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Guidelines for Reviewers of Panels
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Your job as a reviewer of Panels is an important one. Through your reviews you have the opportunity to help the authors and to improve the quality of the symposium. Below are some general guidelines for writing good Panel reviews:
- Your job is to write detailed reviews, even for excellent proposals. Tell the authors why you liked their proposal, so that they know what made it successful.
- If you believe that the proposal is poorly written or poorly thought-out, provide constructive criticism to help the authors.
- The best reviews clearly justify the reviewer's choice of rating. The least valuable review gives a low score with no written comments. This simply tells the authors that they have been unsuccessful, with no indication of how or why. It is of no help to the members of the Program Committee, who are charged with making program decisions based on your reviews.
- Although SIGCSE requires all Panel proposals to be polished work, the authors will have a brief opportunity to improve their proposals before camera-ready copy is due. Your detailed feedback may help improve a panel and, as a result, the conference.
- DISTINCTION BETWEEN PANELS AND SPECIAL SESSIONS: Panels present multiple perspectives on a specific topic. Special sessions are an opportunity to customize and experiment with the SIGCSE conference format (e.g., a seminar on a new topic, a committee report, or a forum on curriculum issues)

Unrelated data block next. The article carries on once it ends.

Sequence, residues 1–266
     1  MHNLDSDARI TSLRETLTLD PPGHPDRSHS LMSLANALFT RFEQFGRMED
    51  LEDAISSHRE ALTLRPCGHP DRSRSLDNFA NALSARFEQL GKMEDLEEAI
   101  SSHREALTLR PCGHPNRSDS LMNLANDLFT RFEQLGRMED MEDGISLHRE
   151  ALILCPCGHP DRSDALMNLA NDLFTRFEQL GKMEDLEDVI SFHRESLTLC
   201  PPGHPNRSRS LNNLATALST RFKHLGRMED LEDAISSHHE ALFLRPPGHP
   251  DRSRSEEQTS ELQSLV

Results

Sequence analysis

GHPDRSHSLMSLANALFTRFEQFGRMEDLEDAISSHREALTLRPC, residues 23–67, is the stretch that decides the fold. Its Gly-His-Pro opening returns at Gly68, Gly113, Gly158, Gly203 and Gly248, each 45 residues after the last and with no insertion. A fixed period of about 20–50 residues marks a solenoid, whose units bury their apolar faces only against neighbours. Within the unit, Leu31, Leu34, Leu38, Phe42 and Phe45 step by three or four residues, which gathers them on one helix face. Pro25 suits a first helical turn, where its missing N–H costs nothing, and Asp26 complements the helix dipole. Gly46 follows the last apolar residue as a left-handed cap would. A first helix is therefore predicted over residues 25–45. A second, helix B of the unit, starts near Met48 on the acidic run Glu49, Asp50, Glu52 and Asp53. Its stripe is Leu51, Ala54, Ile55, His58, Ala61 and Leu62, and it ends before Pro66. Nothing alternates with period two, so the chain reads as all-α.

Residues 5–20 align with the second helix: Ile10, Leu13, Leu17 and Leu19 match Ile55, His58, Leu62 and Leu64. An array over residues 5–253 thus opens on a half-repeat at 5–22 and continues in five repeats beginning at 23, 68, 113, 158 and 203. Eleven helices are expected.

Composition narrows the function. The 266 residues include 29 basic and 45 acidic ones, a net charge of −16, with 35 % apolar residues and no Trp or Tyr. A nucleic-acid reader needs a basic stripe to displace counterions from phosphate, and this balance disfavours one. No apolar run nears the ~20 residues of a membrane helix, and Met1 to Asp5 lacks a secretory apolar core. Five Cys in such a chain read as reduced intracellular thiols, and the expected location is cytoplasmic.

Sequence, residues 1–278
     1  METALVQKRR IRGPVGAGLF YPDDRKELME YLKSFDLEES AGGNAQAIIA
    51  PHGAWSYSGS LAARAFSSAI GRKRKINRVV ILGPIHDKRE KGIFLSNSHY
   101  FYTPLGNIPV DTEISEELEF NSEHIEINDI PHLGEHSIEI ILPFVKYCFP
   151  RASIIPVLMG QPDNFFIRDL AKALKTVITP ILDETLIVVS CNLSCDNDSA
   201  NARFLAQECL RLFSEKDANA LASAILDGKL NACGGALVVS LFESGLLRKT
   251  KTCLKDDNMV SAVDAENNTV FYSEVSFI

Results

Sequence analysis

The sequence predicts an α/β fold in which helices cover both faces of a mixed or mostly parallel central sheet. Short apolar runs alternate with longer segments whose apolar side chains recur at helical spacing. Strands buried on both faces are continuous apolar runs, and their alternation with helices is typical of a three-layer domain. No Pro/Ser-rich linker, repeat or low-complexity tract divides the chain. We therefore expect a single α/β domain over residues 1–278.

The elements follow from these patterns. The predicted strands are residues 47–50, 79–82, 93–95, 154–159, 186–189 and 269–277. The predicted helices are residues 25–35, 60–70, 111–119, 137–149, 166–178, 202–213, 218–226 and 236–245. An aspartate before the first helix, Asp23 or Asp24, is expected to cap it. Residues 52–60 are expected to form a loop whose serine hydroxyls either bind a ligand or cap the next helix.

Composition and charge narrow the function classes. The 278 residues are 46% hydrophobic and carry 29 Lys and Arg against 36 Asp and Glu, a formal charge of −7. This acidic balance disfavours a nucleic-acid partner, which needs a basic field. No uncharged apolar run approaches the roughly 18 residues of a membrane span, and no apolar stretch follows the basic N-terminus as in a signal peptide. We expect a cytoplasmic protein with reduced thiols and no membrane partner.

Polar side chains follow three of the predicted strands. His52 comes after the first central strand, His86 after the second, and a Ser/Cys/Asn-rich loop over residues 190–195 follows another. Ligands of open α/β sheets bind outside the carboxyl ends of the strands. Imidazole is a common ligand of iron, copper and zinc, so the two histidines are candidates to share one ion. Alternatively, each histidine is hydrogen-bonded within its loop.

The questions on the Panel review form are quite general. The benefit of such a review form is that it allows you to write a wide range of comments that are appropriately tailored to the specific proposal.
At the same time, many reviewers appreciate specific suggestions of issues to consider as they read proposals and write reviews. Where appropriate, please try to address the following in your review:
- Is the panel topic suitable for the symposium?
- Do you expect that the level of interest in the panel would be high?
- Are the particular presenters appropriate? Does their expertise match the panel topic? (Remember that Panel reviewing is not blind.)
- Does the proposal appropriately place the topic in the larger context of Computer Science education? Are the authors aware of a range of ideas on the topic? If appropriate, do the authors cite related work? (In evaluating this, please keep in mind that proposals are limited to two pages, so it is unreasonable to expect a detailed "Related Work" section or a long bibliography.)
- Is the structure of the panel presentation reasonable?
- Is the topic a good one for a panel? Is there some other format that would be more appropriate (e.g., a special session, workshop or paper)?
- Will the speakers represent multiple views and offer distinct ideas?
- Will the speakers be able to present their views in the time allotted (75 minutes total), while leaving time for questions or audience participation (30 minutes suggested)?
- A typical panel consists of 4 participants including the moderator. If there are more than 4, have they convinced you that everyone will be able to speak and that time will still be available for audience participation?
- Is the proposal well-written? Is it clear and well-organized? Are there any technical errors?
- Do you have any suggestions for the authors ...
- ... to improve the proposal itself (either for publication in the proceedings or for submission to a future symposium)?
- ... to improve the quality of the presentation, if accepted?
Obviously this list is not exhaustive. The Program Committee and authors will appreciate your views on other issues as well.
If you have questions about panel submissions send e-mail to email@example.com (Sue Fitzgerald).